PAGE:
Later, I consulted W. Douglas Robinson’s account of the Louisiana waterthrush in The Birds of North America for an explanation of what I had observed. According to him, “Neighboring territorial males often engage in vigorous chases and countersinging soon after arrival on breeding grounds. Countersinging males move toward territory boundary. Then one male often flies into neighboring territory, provoking a vigorous chase of swerving males through woodland and along stream corridors. Males sing while in pursuit, extending the complex ending of their territorial songs to last several seconds…In some cases, males may land near each other…and face off in a threat display.” That described exactly what I had seen.

Needless to say, Hollow Road Rench was renamed Louisiana Waterthrush Bench and continued to give me a front seat view of Louisiana waterthrush behavior throughout the month.

It took another four days, until April 14, before the Far Field Road Bench received its new name. The previous evening the phone had rung at 7:30 p.m. My 85-year-old father’s neighbor, 87-year-old John Stine, had been on the line. My father had fallen outside his country home while working in his garden and had laid for hours on the cold April ground, calling for help. Luckily, Mr. Stine had glanced out of his window after the evening news and had seen my father lying there several hundred feet away. We had spent much of that night at the hospital, learning, finally, that Dad had broken his hip.

The following morning I had a difficult time taking my usual morning walk because I was worried about Dad and wondering why he had broken his hip less than a year after he had fallen and broken his leg. But I forced myself outside that windy, cold day and headed for the Far Field Road Bench. Set along my favorite refuge on the property, it had already become my most-used bench.

I sat drinking my coffee and listening to a singing blue-headed vireo. Looking downslope into Roseberry Hollow, my mind was so busy with questions that I paid little attention to the scene around me.

What if Dad’s neighbor had not gone to the window? How much longer could Dad live alone in his beloved country home? Would he survive his hip operation?

A slight movement to my right aroused me from my reverie. Coyote sensed me at the same moment that I sensed him. He was less than ten feet from the bench and had evidently been moseying along the old woods road as inattentive to his surroundings as I had been to mine.

He was a magnificent, full-grown male who looked me fully in the face for several seconds before turning around and loping slowly away. I don’t have a mystic bone in my body. Yet when Coyote appeared so unexpectedly, I felt as if I had been blessed by an unseen hand. I remembered that many Native American tribes had venerated Coyote. The Crows called him “First Worker,” creator of the earth and all living creatures, and the desert southwest tribes referred to him as “God’s dog.”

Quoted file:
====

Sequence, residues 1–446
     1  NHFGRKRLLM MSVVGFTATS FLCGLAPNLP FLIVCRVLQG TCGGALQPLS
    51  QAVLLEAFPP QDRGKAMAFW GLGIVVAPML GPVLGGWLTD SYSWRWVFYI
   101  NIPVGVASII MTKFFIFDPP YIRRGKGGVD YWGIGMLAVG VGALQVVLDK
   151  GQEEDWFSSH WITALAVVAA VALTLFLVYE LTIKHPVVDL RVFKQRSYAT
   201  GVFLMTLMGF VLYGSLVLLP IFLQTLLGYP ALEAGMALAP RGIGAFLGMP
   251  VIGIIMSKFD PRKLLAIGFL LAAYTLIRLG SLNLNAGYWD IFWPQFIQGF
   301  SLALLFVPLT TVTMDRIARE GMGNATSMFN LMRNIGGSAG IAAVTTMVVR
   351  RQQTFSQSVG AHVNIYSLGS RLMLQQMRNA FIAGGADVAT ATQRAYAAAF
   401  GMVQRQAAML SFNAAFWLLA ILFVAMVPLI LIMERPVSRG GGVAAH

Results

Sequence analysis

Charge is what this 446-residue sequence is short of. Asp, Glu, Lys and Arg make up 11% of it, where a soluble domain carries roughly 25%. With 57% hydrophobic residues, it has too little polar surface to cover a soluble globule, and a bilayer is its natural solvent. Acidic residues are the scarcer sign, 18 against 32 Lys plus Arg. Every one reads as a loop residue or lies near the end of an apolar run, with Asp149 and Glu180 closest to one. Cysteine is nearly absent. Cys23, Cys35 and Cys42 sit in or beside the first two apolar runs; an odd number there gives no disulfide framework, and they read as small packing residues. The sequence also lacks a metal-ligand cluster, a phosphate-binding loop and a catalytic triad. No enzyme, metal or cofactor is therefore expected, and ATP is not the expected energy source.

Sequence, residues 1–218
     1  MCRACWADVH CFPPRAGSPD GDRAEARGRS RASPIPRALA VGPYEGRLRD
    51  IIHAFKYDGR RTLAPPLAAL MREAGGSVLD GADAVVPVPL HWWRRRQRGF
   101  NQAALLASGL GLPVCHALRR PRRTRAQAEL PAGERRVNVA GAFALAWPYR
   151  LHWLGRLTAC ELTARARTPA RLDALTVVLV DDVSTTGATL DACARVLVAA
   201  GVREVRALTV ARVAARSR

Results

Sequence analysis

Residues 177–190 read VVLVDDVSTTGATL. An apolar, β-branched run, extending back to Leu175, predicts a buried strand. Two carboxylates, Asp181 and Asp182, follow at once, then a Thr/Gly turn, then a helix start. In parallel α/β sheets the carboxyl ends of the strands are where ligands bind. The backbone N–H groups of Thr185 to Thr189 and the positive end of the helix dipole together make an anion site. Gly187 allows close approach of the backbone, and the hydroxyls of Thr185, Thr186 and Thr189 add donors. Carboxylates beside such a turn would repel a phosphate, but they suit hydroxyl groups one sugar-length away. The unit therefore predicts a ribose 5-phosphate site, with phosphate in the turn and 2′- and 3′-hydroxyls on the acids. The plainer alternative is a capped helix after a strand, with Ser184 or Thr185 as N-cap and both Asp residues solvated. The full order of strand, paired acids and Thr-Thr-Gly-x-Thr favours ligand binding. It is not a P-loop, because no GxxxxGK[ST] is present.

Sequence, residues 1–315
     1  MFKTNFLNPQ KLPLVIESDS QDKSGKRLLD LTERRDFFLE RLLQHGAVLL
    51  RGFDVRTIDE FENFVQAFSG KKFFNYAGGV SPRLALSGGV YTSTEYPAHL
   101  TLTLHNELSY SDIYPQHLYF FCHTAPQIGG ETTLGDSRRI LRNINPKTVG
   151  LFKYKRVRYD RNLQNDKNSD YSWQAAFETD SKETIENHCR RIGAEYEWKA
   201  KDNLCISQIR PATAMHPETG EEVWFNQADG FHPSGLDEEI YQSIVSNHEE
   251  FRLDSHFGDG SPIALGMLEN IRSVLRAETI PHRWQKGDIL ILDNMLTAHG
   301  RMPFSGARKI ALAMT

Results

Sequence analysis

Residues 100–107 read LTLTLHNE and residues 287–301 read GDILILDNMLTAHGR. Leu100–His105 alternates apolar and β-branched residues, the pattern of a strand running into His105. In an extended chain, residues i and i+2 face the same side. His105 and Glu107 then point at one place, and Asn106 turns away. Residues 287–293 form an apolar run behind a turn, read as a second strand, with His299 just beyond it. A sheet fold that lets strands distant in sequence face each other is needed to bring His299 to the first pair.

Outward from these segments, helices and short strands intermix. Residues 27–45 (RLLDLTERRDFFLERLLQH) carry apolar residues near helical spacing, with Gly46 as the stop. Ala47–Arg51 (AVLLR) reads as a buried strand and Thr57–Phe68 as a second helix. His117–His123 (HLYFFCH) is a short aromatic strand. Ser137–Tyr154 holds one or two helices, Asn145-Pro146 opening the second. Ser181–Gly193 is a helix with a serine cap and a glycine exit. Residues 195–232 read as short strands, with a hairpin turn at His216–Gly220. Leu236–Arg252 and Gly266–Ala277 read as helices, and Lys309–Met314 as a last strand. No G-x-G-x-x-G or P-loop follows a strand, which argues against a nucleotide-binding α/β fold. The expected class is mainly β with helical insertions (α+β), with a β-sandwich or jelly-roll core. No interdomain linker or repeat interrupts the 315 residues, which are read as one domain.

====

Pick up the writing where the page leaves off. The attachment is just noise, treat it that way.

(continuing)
Did Coyote know I needed a revelation? Or was his appearance, the first ever I had had of an adult coyote on our mountain, merely a coincidence? Surely the latter, my rational, scientific mind told me. But Dad did come through his hip operation beautifully, and the prognosis for a complete recovery was excellent. Immediately, I christened the Far Field Road Bench “Coyote Bench” in honor of God’s dog.

It could have easily been named Snake Bench too. On the sixth of June, a day of rising temperatures and humidity, I trekked to Coyote Bench. The woods were filled with the rustles of gray squirrels and chipmunks, and I speculated that the predators, such as coyotes, would be eating well.

Sitting on Coyote Bench, I heard a crackling in the leaves behind me and turned to watch a large black rat snake sliding sinuously over the ground. It stopped frequently to raise its head as if seeking its way. Then it slithered down into a hollow log where, I assumed, a chipmunk had its den. Since it did not come out again, I could only speculate on its intent.

The thirteenth of July was beautiful, filled with the usual deep woods’ singers–wood thrushes, scarlet tanagers, Acadian flycatchers, and red-eyed-vireos. My friend Colette and I walked along the Far Field Road and as we neared Coyote Bench, we found not one, but two black rat snakes, less than five feet apart, basking in the sun. We sat on the bench and watched as one slowly crawled away, while the other one moved slowly from one small patch of sunlight to another. Had one of those snakes been the one I had seen a month and a half before sliding into the hollow log? As usual, I was left with questions about my observations.

The fourth bench remained in the barn until mid-June. A twinge in my back reminded me that sometimes, when my back gives me trouble, I can’t walk as far as I usually do. So I suggested that we put the bench in the Magic Place a short distance from our house. Nestled amid several nearly 200-year-old red and black oaks, it is the only bench that is not on a trail.

For less than a month we called it the Magic Place Bench. But on that same day in July, my friend Colette and I sat there and watched a female box turtle watching us. Several weeks later Bruce was eyed by the same box turtle.

“Let’s call it Turtle Bench,” he suggested. And we did.

I was surprised at how quickly and easily the wild creatures named the benches. Now I look forward to the next set of benches Bruce is planning to have made. Who knows what creatures they will be named for?